Back in AddPonkaToImageHandler, at a high level, this class needs to know which ImagePost it's supposed to be working on. How can we pass that information from the controller to the handler? By putting it on the message class! Remember, this is our class, and it can hold whatever data we want.

So now that we've discovered that our handler needs the ImagePost object, add a public function __construct() with one argument: ImagePost $imagePost. I'll do my usual Alt+Enter and select "Initialize fields" to create and set that property.

... lines 1 - 4
use App\Entity\ImagePost;
class AddPonkaToImage
{
private $imagePost;
public function __construct(ImagePost $imagePost)
{
$this->imagePost = $imagePost;
}
... lines 15 - 19
}

Down below, we'll need a way to read that property. Add a getter: public function getImagePost() with an ImagePost return type. Inside, return $this->imagePost.

... lines 1 - 6
class AddPonkaToImage
{
... lines 9 - 15
public function getImagePost(): ImagePost
{
return $this->imagePost;
}
}

And really... you can make this class look however you want: we could have made this a public property with no need for a constructor or getter. Or you could replace the constructor with a setImagePost(). This is the way I like to do it... but it doesn't matter: as long as it holds the data you want to pass to the handler... you're good!

Anyways, now we're dangerous! Back in ImagePostController, down here, AddPonkaToImage now needs an argument. Pass it $imagePost.

... lines 1 - 20
class ImagePostController extends AbstractController
{
... lines 23 - 37
public function create(Request $request, ValidatorInterface $validator, PhotoFileManager $photoManager, EntityManagerInterface $entityManager, MessageBusInterface $messageBus)
{
... lines 40 - 59
$message = new AddPonkaToImage($imagePost);
... lines 61 - 63
}
... lines 65 - 95
}

Then, over in the handler, finish this with $imagePost = $addPonkaToImage->getImagePost().

... lines 1 - 10
class AddPonkaToImageHandler implements MessageHandlerInterface
{
... lines 13 - 23
public function __invoke(AddPonkaToImage $addPonkaToImage)
{
$imagePost = $addPonkaToImage->getImagePost();
... lines 27 - 32
}
}

I love it! So that's the power of the message class: it really is like you're writing a message to someone that says:

I want you to do a task and here's all the information that you need to know to do that task.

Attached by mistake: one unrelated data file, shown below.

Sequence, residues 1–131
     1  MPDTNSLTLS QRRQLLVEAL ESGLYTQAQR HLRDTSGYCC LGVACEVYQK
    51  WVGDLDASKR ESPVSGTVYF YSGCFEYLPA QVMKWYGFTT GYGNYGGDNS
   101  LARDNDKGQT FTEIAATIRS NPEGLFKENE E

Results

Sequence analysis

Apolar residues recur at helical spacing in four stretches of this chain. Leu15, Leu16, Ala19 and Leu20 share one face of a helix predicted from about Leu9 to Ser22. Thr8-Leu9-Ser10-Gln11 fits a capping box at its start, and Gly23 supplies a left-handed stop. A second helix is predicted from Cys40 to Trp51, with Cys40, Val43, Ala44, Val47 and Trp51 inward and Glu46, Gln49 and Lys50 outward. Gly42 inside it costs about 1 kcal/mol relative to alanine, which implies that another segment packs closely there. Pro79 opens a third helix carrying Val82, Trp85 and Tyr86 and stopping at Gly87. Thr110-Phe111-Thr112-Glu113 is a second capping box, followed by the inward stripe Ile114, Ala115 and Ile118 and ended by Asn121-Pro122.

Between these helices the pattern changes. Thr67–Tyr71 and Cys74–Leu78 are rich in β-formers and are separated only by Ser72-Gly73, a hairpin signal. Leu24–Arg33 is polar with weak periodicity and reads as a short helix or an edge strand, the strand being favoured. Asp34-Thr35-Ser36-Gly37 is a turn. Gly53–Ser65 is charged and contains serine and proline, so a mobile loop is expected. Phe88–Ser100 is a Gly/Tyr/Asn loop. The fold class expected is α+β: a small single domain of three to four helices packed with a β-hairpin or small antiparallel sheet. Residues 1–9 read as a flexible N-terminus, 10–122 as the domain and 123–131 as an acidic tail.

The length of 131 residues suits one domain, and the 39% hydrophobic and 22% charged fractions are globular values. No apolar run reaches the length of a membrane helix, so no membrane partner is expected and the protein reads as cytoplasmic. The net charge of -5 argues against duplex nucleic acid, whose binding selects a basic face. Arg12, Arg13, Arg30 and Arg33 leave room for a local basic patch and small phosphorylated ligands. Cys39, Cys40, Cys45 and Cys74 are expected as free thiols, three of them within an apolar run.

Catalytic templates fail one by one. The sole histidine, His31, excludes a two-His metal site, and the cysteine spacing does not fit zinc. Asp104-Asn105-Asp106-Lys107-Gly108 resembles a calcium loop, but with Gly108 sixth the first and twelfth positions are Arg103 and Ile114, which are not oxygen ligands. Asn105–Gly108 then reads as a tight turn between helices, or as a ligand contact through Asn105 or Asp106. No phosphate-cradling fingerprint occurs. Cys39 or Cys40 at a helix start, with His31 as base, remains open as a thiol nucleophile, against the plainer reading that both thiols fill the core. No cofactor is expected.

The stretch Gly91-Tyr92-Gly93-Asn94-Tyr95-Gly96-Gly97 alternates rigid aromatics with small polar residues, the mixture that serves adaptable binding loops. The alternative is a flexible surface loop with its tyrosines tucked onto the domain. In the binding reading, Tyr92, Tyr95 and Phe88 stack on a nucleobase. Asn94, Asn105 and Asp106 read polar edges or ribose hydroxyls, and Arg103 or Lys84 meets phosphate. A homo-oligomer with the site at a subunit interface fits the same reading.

Then, you hand that off to the message bus, it calls the handler, and the handler has all the info it needs to do that work. It's a simple... but really neat idea.

Let's make sure it all works: move over and refresh just to be safe. Upload a new image and... it still works!

Next: there's already one other job we can move to a command-handler system: deleting an image.

Leave a comment!

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Default user avatar
Default user avatar Payam Naderi | posted 3 months ago

Hi,
is there any docker setup available for this project?

Reply
Musa Avatar

Hello, I have quite a unique problem that I pray there is a solution for.
Our services require bulk functionality for sending out messages to our customers, this naturally falls into the asynch world as sending out ~20/30k messages in one go is a bit much for both back & frontend.

What makes this problem unique is that we have multiple databases operating from the same codebase for different "users".

-------------------------------------------------------------------------------------------------------------

My problem is as follows:

Which database is used is determined by the URL, e.g https://ourdomain.com/{identifier}/action, this in turn has a listener that sets up the DB connection before any other code is run.

The asynch job message has access to this identifier, and I can use a wrapper for DB connection changing inside the message handler.

However, all the dependencies supplied by the DI container defaults to the predefined database connection (The one used if no identifier is supplied).

So even if I can access the right database with any objects created inside __invoke, any class dependencies provided by the constructor (such as repositories) have the default.

The only options I can think of is:

1. Create the needed objects at runtime inside __invoke.
However, a lot of dependencies are typehinted and injected with interfaces and this would quickly get out of hand.

2. Pass the needed objects to the message envelope.
However, I've tried this before, and this causes issues with doctrine. Since it didn't fetch the object/entity, it assumes that we are doing a create, not an update (https://symfonycasts.com/sc...

---------------------------------------------------------------------------------------------------------------------

Is there any way to tell an asynch job what database to use before it's called? It seems impossible since the constructor is always the first called method and asynch jobs are by nature disconnected.

While waiting for a response I will go with option 2 and see if I can make it work.
Any help is greatly appreciated.

Reply
Musa Avatar

Update
Ended up doing Option 1
Loaded all the dependencies that don't have any DB association via DI container and resolved the rest manually by instantiating new objects and feeding them to the classes that needed them, not pretty but it works.